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September 30, 2003
As startups continue to die off, their inventions either evaporate or disappear via auction into someone else's patent portfolio. But some investors and executives are still finding crafty ways to keep startups alive, as seen in the breakup of Axon Photonics and the rescue of Headwall Photonics Inc. from Agilent.
It's been an ongoing trend during the downturn. Management buyouts have been popular, as seen in the revival of Aifotec Fiberoptics GmbH after the original Aifotec was bought by Finisar Corp. (Nasdaq: FNSR). Other examples include Firstwave Secure Intelligent Optical Networks Inc., which is re-emerging as Lambda Optical Systems Inc. after being rescued by VCs. (See Germany's Aifotec Is Reborn, Firstwave Given Second Wind and Telecom Workers Take Control.)
How Headwall Headed Out
The Headwall buyout benefitted from timing and some foresight, as the company's management decided to preempt Agilent by leaving before they could be cut. "If we had done it during the boom, they would have said no. If we waited too much longer, they may have made a decision for us," says Larry Barstow, Headwall CEO.
Headwall started the year as Agilent's gratings division. Founded in 1976 as American Holographic Inc., the group shipped to a variety of industries including medical and defense, with telecom getting extra emphasis after Agilent acquired the company in 2000 for an undisclosed sum.
Once Agilent began trimming divisions, however, anything with such varied applications seemed likely to go. Moreover, the gratings group wasn't close to Agilent's home, being based in Fitchburg, Mass., about an hour north of Boston. "The feeling was that we were remote and they were planning to downsize," Barstow says.
Barstow, then a general manager at Agilent, helped devise the management buyout. The pitch was that Agilent could continue to have a gratings supplier without having to fund the group's efforts in medical and other industries. Agilent bought into the idea and even contributed to the company's $8 million funding.
The team completed the spinoff in May and announced in July that they'd chosen the name Headwall (see Gratings Group Splits from Agilent). It's a mountaineering term, not a comment on the hometown of the Boston Red Sox.
The 25-employee company still boasts Agilent as a customer and drops the name frequently. "The Agilent heritage helps differentiate us from a lot of small companies," Barstow says.
Axon Splits Up
Axon spawned not one but two management buyouts. "The company split in two. The people that were aligned with the passives group went with the passives group, and the people aligned with the actives group stayed with the actives group," says Gene Covell, a former Axonite.
Specifically: After the company closed in February, its Arrayed Waveguide Gratings (AWGs) division was reborn as ANDevices Inc. Axon's Semiconductor Optical Amplifiers (SOAs) went to newly created firm InPhenix Corp., where Covell is director of marketing. InPhenix also inherited a SLED program started during Axon's final days.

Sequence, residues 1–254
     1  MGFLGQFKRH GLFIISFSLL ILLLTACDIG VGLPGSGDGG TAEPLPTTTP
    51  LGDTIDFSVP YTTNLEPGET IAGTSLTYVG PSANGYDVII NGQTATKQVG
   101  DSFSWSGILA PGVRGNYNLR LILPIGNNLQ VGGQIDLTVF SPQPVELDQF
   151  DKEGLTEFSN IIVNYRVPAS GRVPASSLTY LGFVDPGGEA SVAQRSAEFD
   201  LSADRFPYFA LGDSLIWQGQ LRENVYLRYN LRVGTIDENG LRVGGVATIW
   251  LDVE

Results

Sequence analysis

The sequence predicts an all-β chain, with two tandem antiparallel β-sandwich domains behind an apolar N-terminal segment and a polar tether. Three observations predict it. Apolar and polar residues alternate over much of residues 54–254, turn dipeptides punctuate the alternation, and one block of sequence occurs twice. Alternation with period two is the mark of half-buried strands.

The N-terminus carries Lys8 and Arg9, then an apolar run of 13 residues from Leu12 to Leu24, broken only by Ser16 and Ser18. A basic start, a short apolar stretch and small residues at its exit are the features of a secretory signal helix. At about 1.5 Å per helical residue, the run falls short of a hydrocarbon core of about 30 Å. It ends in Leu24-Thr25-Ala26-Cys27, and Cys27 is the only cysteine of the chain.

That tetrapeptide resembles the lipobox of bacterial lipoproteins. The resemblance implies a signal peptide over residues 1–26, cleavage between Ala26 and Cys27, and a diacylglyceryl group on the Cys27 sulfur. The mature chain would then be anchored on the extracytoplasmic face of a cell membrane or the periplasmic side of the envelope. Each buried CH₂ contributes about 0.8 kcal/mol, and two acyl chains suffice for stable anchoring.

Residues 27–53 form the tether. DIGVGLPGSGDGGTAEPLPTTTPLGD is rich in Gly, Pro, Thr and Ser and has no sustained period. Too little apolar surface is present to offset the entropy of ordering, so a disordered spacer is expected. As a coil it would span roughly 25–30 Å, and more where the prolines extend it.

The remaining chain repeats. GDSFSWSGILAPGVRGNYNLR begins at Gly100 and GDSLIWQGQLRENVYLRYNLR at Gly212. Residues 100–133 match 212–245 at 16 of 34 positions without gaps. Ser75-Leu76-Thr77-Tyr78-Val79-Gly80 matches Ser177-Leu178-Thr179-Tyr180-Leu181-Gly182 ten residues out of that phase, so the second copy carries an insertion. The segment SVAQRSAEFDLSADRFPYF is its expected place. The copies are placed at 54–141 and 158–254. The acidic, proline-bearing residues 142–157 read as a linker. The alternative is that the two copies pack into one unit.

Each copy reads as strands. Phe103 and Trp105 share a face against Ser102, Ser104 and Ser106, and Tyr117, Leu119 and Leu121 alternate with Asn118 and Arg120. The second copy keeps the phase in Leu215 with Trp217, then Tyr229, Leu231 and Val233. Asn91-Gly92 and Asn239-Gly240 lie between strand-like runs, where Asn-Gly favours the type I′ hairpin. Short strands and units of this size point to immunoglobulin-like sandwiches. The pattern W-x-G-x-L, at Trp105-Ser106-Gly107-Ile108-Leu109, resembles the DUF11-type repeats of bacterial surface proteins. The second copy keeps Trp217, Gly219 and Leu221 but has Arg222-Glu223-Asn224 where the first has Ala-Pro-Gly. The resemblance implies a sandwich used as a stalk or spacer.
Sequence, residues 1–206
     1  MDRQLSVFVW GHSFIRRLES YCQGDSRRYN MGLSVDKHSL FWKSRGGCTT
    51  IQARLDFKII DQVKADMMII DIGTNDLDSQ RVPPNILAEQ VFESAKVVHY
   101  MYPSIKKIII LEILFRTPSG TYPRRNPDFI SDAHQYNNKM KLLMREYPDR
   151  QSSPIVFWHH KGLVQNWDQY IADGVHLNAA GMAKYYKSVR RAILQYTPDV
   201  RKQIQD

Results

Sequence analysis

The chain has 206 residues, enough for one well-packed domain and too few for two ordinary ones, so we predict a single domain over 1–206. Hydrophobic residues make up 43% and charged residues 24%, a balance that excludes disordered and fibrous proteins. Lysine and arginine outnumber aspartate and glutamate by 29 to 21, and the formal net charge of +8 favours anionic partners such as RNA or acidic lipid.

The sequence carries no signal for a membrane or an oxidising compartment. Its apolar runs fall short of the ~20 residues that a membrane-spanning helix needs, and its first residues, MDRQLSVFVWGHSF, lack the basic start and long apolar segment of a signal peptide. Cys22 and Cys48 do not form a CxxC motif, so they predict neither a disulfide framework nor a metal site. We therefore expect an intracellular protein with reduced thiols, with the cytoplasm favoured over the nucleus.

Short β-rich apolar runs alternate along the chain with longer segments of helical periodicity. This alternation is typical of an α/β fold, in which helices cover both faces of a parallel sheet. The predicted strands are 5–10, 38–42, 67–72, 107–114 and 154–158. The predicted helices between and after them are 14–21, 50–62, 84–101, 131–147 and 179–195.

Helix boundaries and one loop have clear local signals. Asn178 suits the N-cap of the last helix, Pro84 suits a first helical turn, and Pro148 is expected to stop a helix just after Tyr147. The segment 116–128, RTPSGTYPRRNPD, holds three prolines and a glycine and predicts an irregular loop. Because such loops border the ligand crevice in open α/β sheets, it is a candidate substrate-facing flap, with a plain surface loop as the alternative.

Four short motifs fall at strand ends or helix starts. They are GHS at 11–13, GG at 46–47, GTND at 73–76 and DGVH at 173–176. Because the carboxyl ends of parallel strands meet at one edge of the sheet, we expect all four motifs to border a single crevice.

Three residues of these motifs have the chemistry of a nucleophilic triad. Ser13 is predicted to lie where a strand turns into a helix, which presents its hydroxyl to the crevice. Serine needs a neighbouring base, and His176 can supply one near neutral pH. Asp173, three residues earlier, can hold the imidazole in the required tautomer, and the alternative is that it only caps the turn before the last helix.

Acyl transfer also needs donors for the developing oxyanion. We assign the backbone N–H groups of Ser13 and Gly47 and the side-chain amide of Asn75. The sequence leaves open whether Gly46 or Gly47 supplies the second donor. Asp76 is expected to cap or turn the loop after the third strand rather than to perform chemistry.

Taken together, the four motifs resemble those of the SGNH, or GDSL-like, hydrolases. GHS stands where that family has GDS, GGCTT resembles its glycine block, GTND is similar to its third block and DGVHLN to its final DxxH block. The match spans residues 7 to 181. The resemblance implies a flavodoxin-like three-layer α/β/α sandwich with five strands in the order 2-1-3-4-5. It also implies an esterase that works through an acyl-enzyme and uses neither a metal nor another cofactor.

Axon's original plan was to be a hybrid integration company, combining the silica-on-silicon AWGs and the indium phosphide SOAs into a single ceramic package (see Photonic Integrated Circuits). The company started by selling the two products separately -- and never got any further.
Axon did win a major contract. The bad news: It was for the doomed LambdaRouter all-optical switch developed by Lucent Technologies Inc. (NYSE: LU) (see Lucent Terminates the LambdaRouter).
"When LambdaRouter went away, that hurt us a bit. We invested a lot of time and money trying to get that business. We went through the whole reliability and qualification [process]," Covell says.
As time wore on and the business languished, Axon faced a bit of an identity crisis.
"It was difficult between the two groups, deciding how much money should go to each side," Covell says. Moreover, in scouting for funding last year, each half of Axon had lined up some investors who weren't that interested in the other half. In the end, it seemed best to isolate the halves into separate companies.
Like Headwall, InPhenix is counting on non-telecom revenues for survival. "Now InPhenix is focused, like a lot of companies, on medical and military," Covell says.
So, while the company continues selling SOAs, it has bigger hopes for the SLEDs, which began shipping in August. Coincidentally, one of InPhenix's SLED rivals will be Exalos AG, which was also born from the fracturing of a bigger company, Opto Speed SA (see Opto Speed Splinters).
— Craig Matsumoto, Senior Editor, Light Reading
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